Refs passed as argment are moved or untouched?

Like code below, the complicated and confused behavior is desired?

https://play.rust-lang.org/?version=nightly&mode=debug&edition=2018&gist=963adba77ef722433925e5d2577ce48f

I prefer

fn move_it_out(r: &String) {}

fn prefer(r: &String) {
    let p = r as *const String;
    move_it_out(r);
    let r = unsafe{&(*p)};
    // continue use r
}

Yes, it introduces unsafe; but it's a simple rule: all args are moved;

I do not understand the question. Your inline example is certainly not valid Rust. Perhaps you can elaborate a bit.

What's up with your move functoin? As written, it doesn't do anything.

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If you want the argument to be moved into your function, why not specify that directly instead of trying to move out of an immutable reference?

fn takes_ownership(s: String) { /* ... */ }
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Fixed

No why not and choose another different way.
It is the confused moving rules related with reference arguments that is focused now

All of your examples work as I expect them to, but I’ve been around Rust for a while. Can you describe in words what you’re expecting to happen?

I prefer move_it_out moving r out --- the only and simple rule my desired.
But in fact, rust do nothing, but there are exceptions except the dothing-nothing rule.
See
https://play.rust-lang.org/?version=nightly&mode=debug&edition=2018&gist=963adba77ef722433925e5d2577ce48f

Why I need to remember:

  1. in a normal fn, both ref and mut ref will not moved out;
  2. in a template fn, mut ref will be moved out
  3. in a template fn, ref will not be moved out
  4. in a fn which does not moving out mut ref argments, it can return another mut ref; both seems alive but the before the returning one gone, you can't access the older one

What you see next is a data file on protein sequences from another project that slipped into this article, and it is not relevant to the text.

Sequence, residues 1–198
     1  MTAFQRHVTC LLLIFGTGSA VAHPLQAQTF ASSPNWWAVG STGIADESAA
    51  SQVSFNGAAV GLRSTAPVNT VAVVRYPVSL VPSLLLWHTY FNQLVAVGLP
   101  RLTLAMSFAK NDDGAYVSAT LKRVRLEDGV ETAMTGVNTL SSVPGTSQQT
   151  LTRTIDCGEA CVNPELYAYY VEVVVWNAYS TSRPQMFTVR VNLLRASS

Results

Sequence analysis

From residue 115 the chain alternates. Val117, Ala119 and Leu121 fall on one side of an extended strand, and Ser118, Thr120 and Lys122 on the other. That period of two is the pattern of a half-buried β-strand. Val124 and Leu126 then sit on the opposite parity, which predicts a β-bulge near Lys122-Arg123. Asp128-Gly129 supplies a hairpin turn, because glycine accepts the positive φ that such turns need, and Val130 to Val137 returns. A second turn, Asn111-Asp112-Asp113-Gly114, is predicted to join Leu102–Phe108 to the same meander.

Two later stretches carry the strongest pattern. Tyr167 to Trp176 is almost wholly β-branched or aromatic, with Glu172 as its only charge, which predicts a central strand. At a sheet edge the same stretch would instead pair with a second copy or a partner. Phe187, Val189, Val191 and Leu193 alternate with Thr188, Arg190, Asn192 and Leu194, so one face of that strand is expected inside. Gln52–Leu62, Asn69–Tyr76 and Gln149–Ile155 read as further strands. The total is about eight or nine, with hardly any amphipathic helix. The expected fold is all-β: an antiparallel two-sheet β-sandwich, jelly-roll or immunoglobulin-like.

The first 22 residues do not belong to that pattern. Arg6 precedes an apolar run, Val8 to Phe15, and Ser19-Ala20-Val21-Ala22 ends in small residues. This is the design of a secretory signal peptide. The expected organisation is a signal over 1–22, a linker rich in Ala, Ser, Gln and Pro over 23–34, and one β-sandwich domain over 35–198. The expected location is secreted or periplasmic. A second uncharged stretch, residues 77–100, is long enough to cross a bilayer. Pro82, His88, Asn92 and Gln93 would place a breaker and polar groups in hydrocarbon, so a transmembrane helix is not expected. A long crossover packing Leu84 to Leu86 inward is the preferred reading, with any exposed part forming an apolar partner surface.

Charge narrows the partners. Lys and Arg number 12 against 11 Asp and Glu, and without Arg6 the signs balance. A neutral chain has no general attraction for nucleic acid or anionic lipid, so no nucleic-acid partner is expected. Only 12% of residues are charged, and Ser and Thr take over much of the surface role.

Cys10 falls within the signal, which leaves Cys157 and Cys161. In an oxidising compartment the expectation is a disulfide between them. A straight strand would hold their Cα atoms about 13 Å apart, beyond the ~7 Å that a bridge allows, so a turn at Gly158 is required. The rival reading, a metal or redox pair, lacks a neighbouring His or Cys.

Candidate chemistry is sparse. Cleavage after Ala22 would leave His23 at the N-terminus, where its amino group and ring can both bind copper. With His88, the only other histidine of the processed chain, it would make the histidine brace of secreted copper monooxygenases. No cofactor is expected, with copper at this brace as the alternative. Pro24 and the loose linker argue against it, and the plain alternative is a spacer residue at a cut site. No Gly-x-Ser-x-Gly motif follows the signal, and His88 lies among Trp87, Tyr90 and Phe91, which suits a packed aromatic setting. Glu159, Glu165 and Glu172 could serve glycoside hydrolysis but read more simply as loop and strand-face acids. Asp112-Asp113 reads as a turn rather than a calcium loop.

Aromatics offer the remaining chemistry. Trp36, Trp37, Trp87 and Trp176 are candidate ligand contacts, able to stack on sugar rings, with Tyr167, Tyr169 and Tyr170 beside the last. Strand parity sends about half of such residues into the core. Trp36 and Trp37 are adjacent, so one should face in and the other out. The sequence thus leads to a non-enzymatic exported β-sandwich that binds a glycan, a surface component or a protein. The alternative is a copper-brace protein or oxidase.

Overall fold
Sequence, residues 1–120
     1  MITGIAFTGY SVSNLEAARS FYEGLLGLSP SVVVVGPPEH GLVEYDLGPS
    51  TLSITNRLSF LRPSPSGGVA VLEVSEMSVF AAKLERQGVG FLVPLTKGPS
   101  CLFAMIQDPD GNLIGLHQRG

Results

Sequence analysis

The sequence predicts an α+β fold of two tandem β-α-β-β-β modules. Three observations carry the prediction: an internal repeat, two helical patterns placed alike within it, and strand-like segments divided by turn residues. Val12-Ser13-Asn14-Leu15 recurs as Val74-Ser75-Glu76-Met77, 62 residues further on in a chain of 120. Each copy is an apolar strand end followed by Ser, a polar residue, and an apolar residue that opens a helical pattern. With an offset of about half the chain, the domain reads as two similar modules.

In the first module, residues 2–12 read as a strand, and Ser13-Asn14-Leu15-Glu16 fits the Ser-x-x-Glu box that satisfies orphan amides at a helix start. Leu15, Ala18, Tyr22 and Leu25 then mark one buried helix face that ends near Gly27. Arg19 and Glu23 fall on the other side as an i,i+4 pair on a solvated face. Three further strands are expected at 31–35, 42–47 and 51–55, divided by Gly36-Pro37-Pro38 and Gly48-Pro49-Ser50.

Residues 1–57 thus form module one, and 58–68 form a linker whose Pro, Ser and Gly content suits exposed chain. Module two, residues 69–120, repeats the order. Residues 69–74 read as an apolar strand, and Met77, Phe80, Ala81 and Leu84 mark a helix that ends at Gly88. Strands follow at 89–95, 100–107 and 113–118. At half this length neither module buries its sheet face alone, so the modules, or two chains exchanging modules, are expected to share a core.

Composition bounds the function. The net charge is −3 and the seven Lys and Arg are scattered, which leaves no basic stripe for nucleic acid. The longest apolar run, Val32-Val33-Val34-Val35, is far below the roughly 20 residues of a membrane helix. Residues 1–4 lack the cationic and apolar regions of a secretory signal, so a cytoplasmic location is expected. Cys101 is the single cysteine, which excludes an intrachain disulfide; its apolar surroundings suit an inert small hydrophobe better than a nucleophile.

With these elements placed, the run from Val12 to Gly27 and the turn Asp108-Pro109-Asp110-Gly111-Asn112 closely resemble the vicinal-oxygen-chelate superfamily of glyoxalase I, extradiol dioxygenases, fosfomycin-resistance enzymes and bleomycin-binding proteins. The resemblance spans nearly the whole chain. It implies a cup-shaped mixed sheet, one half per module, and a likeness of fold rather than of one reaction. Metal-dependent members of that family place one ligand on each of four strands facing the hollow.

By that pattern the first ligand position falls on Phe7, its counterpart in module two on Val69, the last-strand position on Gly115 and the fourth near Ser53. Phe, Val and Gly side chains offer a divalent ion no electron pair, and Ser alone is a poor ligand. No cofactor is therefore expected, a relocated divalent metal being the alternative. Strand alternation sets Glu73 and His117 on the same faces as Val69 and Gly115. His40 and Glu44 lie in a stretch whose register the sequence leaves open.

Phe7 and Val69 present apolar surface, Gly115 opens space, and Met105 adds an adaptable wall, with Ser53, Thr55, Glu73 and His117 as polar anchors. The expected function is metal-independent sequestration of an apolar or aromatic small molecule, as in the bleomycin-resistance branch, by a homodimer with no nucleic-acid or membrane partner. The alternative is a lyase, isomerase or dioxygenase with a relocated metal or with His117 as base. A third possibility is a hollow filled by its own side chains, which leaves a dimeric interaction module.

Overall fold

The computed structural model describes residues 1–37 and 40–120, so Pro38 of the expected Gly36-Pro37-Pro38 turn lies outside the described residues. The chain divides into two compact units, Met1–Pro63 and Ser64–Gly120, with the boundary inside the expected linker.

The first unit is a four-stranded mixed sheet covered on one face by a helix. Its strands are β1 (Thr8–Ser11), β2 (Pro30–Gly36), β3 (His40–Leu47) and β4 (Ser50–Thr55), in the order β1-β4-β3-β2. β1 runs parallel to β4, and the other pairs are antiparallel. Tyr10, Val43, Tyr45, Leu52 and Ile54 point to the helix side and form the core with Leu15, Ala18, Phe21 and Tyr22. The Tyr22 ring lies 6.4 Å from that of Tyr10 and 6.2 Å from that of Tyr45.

Surely, if you accept all of these and take it as natural, I disagree with you.
It's natural for normal person that: rules should keep simple, and should not have exceptions?

Right, ok, I see the issue now. First, let's cover mutable references. Those are guaranteed to be unique, and to provide a mutable reference to something, you must reborrow it, which leaves the original mutable reference inaccessible until the reborrowed mutable reference is no longer used.

The syntax for reborrowing a mutable reference is &mut *xref. However a mutable reference is automatically reborrowed when no generics are involved. Your test3 consumes the mutable reference because there are generics.

You can explicitly reborrow it, and it will work:

test3(&mut *xref);

As for immutable references, those are not guaranteed to be unique, so they are copied instead of reborrowed, hence the issues go away.

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I do not know why mutable references are not automatically reborrowed in the case of generic functions.

It is not how to explain the behavior.
I can keep in brain all of the rules without understanding them, right?

The key is the rule designer may avoid all the complicated things by choosing a simple one.